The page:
selection or a "close enough" solution. This is true because the
less time traveled or the shorter distance traveled will yield
less engine run time. The less time the engine is run, the less
fuel it will consume.
This is not necessarily true for an electric vehicle (EV)
mainly because they are capable of regenerating energy. EVs
are powered by high-efficient electric motors that can function
as generators when the EV is in coast mode, travelling
downhill, or when the driver steps on the brake pedal to
decelerate the vehicle. The kinetic and/or the potential

978-1-4673-6741-7/15/$31.00 2015 IEEE

energies are recovered and stored back onboard the vehicle in


the high-voltage battery pack [1]. This stored energy can be
used at a later time to propel the vehicle. The range of an EV
can increase by 20% or more due to regenerative braking [2].
Some studies have tackled the energy efficient routing
problem for electric vehicles. These studies can be split into 2
categories: deterministic and stochastic optimization methods.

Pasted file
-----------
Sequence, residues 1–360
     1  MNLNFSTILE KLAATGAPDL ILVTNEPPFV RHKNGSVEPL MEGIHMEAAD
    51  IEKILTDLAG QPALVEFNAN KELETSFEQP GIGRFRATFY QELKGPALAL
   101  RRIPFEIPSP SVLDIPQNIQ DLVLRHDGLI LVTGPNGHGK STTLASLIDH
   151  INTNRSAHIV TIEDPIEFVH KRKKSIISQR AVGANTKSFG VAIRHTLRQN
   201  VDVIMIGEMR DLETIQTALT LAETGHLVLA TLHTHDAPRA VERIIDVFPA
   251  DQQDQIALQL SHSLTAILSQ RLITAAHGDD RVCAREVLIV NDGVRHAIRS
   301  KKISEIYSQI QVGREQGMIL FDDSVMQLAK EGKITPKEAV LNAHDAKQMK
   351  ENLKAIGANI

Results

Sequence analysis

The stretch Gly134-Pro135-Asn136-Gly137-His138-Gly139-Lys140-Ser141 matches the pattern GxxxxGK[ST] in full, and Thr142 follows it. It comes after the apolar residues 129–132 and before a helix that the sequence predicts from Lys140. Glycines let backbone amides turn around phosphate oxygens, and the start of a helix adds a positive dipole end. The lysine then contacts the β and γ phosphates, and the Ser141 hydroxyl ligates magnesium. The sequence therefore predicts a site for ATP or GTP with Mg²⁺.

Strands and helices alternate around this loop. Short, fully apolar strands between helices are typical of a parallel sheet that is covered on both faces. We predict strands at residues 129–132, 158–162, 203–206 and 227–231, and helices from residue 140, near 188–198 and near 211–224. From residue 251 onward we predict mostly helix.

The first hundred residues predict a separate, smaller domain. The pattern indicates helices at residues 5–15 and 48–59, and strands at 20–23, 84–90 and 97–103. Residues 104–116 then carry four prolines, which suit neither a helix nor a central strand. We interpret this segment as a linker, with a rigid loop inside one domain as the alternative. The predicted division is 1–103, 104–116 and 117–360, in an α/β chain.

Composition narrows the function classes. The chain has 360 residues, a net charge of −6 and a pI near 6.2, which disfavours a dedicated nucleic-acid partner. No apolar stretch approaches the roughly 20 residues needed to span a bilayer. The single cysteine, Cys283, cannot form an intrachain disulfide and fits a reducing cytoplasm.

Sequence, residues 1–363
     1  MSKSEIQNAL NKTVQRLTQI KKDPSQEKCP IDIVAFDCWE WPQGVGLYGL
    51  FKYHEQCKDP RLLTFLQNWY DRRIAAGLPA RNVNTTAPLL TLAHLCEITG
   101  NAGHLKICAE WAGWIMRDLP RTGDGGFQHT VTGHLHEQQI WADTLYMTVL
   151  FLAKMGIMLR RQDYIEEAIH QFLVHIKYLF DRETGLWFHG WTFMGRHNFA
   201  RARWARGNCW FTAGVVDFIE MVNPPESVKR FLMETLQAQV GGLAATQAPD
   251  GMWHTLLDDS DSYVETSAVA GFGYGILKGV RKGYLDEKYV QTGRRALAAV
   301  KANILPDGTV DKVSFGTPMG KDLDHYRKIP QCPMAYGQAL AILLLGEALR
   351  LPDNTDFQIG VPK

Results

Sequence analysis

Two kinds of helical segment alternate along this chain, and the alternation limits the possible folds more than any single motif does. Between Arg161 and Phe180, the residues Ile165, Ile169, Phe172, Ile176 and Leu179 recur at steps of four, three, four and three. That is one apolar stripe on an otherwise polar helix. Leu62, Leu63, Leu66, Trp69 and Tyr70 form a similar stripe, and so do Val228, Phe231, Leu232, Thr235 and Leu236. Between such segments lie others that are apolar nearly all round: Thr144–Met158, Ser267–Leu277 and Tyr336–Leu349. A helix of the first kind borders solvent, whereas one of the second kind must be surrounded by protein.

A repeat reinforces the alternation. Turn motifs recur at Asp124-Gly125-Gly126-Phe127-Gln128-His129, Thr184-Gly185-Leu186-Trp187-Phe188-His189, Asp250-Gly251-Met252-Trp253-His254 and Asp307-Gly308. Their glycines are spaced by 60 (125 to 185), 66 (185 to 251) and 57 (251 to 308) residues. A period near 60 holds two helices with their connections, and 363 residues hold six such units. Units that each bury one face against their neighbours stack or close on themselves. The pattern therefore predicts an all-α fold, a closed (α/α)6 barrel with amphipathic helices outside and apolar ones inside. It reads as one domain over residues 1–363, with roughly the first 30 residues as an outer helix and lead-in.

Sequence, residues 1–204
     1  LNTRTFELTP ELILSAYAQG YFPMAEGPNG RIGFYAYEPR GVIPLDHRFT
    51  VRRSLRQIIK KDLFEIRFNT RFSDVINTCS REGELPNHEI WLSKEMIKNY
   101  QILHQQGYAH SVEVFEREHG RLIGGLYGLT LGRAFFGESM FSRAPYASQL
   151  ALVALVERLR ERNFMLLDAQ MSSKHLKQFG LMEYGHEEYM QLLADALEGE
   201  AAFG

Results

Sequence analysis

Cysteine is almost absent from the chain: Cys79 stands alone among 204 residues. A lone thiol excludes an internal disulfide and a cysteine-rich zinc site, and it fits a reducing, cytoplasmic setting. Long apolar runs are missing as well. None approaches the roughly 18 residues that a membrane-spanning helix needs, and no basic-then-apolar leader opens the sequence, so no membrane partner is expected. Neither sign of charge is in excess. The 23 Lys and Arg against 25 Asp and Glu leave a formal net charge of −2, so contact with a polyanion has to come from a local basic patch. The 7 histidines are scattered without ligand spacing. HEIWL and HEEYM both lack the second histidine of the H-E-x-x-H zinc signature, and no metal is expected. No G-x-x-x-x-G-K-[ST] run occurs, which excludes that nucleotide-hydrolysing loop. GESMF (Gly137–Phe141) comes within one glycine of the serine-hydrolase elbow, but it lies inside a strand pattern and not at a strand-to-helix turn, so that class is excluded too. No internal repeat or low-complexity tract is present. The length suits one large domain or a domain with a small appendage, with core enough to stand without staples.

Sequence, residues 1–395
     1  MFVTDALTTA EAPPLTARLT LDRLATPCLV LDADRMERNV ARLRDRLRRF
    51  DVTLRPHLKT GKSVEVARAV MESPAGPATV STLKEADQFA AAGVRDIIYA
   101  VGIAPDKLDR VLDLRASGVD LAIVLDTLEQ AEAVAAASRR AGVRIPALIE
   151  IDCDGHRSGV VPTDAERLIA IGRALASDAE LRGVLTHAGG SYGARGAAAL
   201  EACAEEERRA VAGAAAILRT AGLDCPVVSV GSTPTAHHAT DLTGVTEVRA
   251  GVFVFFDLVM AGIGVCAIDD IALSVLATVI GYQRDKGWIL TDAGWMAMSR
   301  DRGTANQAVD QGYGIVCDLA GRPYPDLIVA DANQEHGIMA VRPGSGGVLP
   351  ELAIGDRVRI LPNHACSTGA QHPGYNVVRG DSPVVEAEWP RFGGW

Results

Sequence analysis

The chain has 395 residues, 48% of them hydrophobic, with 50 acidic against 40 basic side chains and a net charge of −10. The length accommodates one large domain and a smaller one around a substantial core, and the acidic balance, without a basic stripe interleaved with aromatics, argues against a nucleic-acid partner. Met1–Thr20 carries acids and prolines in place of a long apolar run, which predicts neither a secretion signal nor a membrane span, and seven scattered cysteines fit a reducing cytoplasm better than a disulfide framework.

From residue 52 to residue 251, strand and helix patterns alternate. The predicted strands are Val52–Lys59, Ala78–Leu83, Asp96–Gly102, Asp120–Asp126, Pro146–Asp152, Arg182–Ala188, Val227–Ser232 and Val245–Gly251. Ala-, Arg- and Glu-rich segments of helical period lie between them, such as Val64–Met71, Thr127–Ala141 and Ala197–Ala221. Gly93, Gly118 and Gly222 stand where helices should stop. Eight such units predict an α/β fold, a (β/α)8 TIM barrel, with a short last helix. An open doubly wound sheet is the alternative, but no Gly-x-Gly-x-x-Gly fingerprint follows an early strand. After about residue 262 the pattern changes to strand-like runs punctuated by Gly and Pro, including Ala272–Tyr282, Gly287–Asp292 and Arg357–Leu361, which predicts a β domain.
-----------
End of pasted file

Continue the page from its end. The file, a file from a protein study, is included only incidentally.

Previously we have done some work in the stochastic field [3 ].
The energy efficient routing problem was solved using
Particle Swarm Optimization [4], Ant Colony Optimization
[5], and Tabu Search [6]. Other work tackled the problem
from the deterministic side. Artmeier et al. [7] studied energy
efficient routing for an EV from a graph theory context. The
authors developed a generic shortest path algorithm using
potential shifting to discard the negative edge costs and to
solve the EV routing problem. They analysed the shortest path
problem and adapted the method to fit specific EV
characteristics. Furthermore, they identified hard constraints
which restrict the battery from discharging below certain
limits and soft constraints which impose that the battery
cannot store more energy than its maximum capacity. The
developed algorithm had a worst case complexity of O(n3).
Sachenbacher et al. [8] presented an A * search that considers
regenerative energy and the battery parameters which yields a
consistent heuristic function of O(n2) complexity problem.
The authors developed the routing algorithm claiming that it
expands each node at most once. The presented algorithm
adjusted for the battery limits by modifying the weight
function that the authors presented. The weight function is
generated by the potential energy and the propulsion system
inefficiencies. In [9], Baum et al. presented a fast energy
efficient routing algorithm for an EV and they tested their